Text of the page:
Bombay High Court Refuses To Direct Tenants To Vacate The Premises Belonging To The Royal Family Of Kuwait

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The High court refused to grant interim relief to the daughter belonging to the Royal Family of Kuwait on the grounds that they were not able to prove that the concerned tenancy agreements were forged and fabricated and that the defendants had taken possession of the said property illegally.

A Single Judge Bench of Justice B.P Colabawalla has refused to direct three businessmen to vacate the property belonging to the Kuwait Royale in an interim application filed by Sheikhah Fadiah Saad Al-Abdullah Al-Sabah, the daughter of the late His Highness Sheikh Saad Al-Abdullah Al-Salem Al-Sabah, who was the Prime Minister and then became the head of State of Kuwait.

The High Court was hearing a plea filed by the heirs of the Royale Family. The case was filed in 2014 after which an interim application was filed by the daughter seeking to direct the three businessmen to vacate the property belonging to the Royale Family. 

Shiek Saad died on 8 May 2018 after which the properties were inherited by his family. The daughter, in her plea, had stated that the building at Marine Lines was being managed by Faisal Essa who was the former Counsel General of Kuwait. The former Counsel General left India in May 2013 and the three businessmen illegally took possession of the property by forging the documents. The plea also sought Rs 35 Lakhs per month for staying in the building owned by the Royale Family.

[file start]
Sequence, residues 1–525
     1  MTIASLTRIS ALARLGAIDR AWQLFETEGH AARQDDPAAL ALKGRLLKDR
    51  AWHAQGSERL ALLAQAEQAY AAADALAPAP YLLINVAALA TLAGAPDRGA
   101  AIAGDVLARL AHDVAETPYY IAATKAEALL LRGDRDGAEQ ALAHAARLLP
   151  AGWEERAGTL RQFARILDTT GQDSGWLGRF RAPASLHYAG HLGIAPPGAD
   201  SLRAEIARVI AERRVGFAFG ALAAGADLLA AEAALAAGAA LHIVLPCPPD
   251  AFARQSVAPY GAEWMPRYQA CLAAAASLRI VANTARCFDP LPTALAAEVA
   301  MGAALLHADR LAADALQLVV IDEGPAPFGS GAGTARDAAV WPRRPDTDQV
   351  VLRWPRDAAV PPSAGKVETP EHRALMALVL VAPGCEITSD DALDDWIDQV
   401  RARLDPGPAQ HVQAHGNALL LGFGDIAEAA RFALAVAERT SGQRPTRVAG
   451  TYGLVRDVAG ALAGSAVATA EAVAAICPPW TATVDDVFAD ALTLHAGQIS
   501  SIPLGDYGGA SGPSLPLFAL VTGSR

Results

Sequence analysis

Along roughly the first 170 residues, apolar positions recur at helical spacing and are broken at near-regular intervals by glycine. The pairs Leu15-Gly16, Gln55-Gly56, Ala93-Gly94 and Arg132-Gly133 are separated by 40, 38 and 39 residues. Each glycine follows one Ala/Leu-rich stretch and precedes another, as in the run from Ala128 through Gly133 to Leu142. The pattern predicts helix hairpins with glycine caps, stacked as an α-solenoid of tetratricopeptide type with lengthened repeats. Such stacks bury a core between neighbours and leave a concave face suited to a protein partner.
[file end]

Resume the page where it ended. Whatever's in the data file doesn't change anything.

Senior Advocate Birendra Saraf on behalf of the defendants argued that the businessmen had acquired the possession of the property through a tenancy agreement signed on October 30, 2012. The said agreement was signed by the former counsel general of Kuwait on behalf of the Royale Family.

He further argued that t it is an undisputed position that Plaintiff never visited the suit premises and even now, Plaintiff has stopped taking care of the building Al-Sabah Court altogether. He submitted that the Plaintiff has stopped collecting rent from the tenants since 2016 and it is the tenants themselves who are collecting the rent and using it towards the maintenance and upkeep of the building.

The court while refusing to grant interim relief to the plaintiff noted,

“Prima facie it would appear that these affidavits have been prepared by Faisal Essa himself and then the tenants have been called upon to execute these affidavits.”

The court observed that the plaintiff was unable to prove that the documents were forged and fabricated. The court said,

“The Tenancy Agreements executed by Faisal Essa which Defendant Nos. 2 and 3 prima facie appeared to be genuine and not forged and fabricated. I am therefore of the opinion that the Plaintiff has been unable to prima facie establish that the Tenancy Agreement dated 30th October 2012 entered into with Defendant No.1 is a forged and fabricated”.

The Court however directed the defendants from selling, alienating, transferring, encumbering, or creating any third-party rights of the disputed property.